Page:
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Army Doctor's Anesthesia Error And Failure To Recognize Cause Of Inability To Urinate Causes Permanent Damage To Bladder Requiring Reconstruction Surgery

  1. G., the wife of an Army Sergeant, underwent abdominal laparoscopic surgery for the removal of ovarian cysts at the U.S. Army Hospital in Nuremberg, Germany. During the operation, her bowel was perforated and then repaired.

After the surgery, R.G. was not urinating and the doctors thought that not urinating was due to dehydration. She was given large amounts of IV fluids but still was not urinating. Although she complained of severe pain in her pelvis, a sensation of a full bladder, and the inability to urinate for four days, R.G. was sent home from the hospital.

She returned to the hospital emergency room the next day because she was still in pain and unable to urinate. A catheter was inserted through her urethra into her bladder and 2.5 liters of urine were drained. She was sent home. The next day, she came back to the ER, and was catheterized again, expelling almost another liter of urine. By then, however, her bladder had become so over-distended permanent nerve damage to the bladder had occurred.

Her urinary bladder became incontinent (unable to control the outflow of urine) and she was never able to control her bladder function again. She developed recurrent urinary tract infections. A surgical procedure to reconstruct her urinary bladder was attempted but her bladder problems were not improved.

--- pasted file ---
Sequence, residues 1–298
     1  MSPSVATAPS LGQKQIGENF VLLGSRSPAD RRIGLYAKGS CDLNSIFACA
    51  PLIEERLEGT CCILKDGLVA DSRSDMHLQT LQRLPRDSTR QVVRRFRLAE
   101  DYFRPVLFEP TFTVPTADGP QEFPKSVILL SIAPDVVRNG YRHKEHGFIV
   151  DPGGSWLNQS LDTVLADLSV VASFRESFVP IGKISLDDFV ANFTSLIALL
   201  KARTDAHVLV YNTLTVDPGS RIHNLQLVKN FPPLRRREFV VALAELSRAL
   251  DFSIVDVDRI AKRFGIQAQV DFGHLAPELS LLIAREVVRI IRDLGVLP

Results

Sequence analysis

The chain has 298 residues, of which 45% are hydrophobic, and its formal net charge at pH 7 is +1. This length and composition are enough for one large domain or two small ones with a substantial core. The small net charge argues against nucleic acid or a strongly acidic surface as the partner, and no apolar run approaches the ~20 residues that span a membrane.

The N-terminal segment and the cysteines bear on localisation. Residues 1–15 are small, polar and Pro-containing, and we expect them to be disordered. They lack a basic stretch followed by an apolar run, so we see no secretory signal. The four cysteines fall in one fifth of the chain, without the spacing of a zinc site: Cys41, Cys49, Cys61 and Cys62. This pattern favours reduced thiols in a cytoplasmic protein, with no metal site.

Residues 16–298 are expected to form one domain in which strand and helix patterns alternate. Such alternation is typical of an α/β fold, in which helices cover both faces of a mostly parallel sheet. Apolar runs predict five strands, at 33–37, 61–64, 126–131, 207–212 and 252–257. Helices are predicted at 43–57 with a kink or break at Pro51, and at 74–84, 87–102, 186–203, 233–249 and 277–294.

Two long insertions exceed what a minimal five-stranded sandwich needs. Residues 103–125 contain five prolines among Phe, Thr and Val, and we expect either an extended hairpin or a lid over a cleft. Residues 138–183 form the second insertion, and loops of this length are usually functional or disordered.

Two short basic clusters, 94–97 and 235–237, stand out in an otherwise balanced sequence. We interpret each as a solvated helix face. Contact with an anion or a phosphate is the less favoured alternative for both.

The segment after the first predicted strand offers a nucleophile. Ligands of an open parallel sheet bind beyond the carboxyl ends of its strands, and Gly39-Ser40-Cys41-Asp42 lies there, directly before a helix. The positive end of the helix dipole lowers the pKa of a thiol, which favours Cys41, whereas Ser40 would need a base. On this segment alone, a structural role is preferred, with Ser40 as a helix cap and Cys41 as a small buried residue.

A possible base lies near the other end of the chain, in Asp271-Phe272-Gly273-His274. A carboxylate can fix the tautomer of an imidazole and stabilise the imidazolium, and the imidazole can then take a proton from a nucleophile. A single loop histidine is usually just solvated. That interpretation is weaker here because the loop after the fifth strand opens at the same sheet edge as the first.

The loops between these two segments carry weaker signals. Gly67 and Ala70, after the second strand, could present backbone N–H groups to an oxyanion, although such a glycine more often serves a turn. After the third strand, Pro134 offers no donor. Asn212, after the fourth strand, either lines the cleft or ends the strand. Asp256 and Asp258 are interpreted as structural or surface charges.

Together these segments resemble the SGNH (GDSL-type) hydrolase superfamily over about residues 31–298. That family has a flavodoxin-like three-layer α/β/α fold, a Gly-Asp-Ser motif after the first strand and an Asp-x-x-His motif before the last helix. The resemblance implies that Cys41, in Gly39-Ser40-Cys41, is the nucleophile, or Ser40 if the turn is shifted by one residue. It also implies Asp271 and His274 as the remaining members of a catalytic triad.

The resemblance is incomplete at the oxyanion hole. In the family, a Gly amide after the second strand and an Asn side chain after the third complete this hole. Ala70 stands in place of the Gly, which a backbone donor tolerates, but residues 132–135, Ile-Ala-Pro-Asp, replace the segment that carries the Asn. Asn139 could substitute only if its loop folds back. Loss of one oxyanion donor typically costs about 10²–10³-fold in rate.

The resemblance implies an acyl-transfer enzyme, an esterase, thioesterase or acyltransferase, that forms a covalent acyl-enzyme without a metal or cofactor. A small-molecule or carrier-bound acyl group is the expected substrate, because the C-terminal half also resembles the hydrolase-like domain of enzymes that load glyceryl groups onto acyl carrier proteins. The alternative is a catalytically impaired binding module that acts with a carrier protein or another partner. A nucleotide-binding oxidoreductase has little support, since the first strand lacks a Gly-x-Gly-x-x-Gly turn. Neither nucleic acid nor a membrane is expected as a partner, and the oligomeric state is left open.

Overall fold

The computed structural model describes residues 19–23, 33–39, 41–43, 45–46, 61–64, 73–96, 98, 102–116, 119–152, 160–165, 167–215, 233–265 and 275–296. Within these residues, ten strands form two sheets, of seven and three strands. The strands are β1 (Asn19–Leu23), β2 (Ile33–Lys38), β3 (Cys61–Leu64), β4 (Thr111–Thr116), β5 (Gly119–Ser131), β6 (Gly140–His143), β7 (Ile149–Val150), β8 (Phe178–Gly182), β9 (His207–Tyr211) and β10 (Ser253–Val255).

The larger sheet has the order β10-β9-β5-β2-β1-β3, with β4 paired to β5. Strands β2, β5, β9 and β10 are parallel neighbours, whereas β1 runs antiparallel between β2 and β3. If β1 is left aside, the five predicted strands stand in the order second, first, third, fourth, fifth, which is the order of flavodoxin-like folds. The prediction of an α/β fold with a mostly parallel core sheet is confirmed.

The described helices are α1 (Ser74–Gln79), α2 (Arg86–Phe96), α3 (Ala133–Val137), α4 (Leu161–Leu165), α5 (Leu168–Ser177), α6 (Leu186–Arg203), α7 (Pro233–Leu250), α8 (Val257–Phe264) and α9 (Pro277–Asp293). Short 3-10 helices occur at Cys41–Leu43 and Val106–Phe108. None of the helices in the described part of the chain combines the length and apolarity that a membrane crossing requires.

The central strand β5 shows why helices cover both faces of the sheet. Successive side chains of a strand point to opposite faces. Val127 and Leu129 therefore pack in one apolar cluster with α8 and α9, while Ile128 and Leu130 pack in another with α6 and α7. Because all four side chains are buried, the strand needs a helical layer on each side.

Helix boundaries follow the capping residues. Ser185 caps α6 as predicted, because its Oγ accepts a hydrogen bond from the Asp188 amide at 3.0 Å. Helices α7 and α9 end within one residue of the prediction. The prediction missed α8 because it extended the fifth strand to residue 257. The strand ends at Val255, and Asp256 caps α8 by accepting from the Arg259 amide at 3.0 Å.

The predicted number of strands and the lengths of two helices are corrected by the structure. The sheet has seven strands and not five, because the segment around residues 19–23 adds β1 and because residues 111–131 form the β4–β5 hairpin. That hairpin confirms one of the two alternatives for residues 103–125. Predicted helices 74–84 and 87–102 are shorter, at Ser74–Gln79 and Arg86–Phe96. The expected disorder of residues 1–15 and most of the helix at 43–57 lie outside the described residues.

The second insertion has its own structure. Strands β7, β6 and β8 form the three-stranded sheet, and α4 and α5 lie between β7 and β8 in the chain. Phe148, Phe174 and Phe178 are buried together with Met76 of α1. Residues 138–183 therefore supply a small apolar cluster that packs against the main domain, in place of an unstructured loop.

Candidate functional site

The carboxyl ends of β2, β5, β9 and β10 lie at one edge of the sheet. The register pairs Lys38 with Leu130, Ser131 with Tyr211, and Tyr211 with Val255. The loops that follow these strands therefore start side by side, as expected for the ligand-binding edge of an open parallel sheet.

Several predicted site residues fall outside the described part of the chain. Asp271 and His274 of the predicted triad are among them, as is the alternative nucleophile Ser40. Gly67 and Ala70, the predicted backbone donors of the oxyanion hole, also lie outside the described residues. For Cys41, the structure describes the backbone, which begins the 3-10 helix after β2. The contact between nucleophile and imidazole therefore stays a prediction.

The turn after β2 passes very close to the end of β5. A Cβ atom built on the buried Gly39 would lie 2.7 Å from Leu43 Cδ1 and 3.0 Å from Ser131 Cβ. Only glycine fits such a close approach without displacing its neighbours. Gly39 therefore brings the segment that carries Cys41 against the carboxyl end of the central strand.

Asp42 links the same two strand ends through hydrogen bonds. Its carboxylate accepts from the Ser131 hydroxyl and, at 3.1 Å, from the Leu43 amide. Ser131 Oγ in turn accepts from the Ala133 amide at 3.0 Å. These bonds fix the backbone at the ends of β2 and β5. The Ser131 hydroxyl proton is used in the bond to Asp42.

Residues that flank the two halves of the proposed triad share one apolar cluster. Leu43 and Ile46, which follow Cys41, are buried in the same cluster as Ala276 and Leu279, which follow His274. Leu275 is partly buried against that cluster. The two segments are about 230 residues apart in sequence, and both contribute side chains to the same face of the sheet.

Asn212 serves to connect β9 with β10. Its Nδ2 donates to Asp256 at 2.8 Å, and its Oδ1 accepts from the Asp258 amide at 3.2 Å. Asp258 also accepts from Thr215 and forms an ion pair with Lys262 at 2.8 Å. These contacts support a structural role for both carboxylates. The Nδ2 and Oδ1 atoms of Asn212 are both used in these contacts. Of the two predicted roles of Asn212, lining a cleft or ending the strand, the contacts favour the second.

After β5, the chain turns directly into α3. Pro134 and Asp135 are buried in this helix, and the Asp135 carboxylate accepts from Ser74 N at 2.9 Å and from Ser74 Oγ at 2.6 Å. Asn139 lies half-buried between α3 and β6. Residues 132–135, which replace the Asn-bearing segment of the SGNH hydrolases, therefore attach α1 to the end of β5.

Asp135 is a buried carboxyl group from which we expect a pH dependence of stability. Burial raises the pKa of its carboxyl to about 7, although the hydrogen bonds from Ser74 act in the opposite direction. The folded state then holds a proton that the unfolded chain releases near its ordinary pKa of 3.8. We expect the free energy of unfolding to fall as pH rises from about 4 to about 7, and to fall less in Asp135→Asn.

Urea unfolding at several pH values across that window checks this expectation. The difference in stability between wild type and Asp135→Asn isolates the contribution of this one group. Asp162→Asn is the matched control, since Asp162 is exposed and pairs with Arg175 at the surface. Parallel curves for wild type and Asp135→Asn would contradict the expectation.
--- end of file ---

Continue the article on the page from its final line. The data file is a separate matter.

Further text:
A claim was filed for R.G. under the Military Claims Act because the hospital staff and doctors failed to recognize that her inability to urinate was caused by the anesthesia she was given during her operation and not by dehydration. Failing to catheterize her and giving her huge quantities of IV fluids had destroyed her bladder.

Her case resulted in a multi-million dollar settlement with the U.S. Army Claims Service after the doctor who attempted to repair her bladder informed the Army that its negligence caused her to suffer permanent loss of bladder function.

Note: The example above are some of the military medical malpractice cases we have handled in the past. Case outcomes and results depend upon many factors that are unique to each case. Past results do not guarantee or predict a similar result in any future case undertaken by Swartz & Reed. These examples merely provide a framework for understanding the kinds of cases we undertake.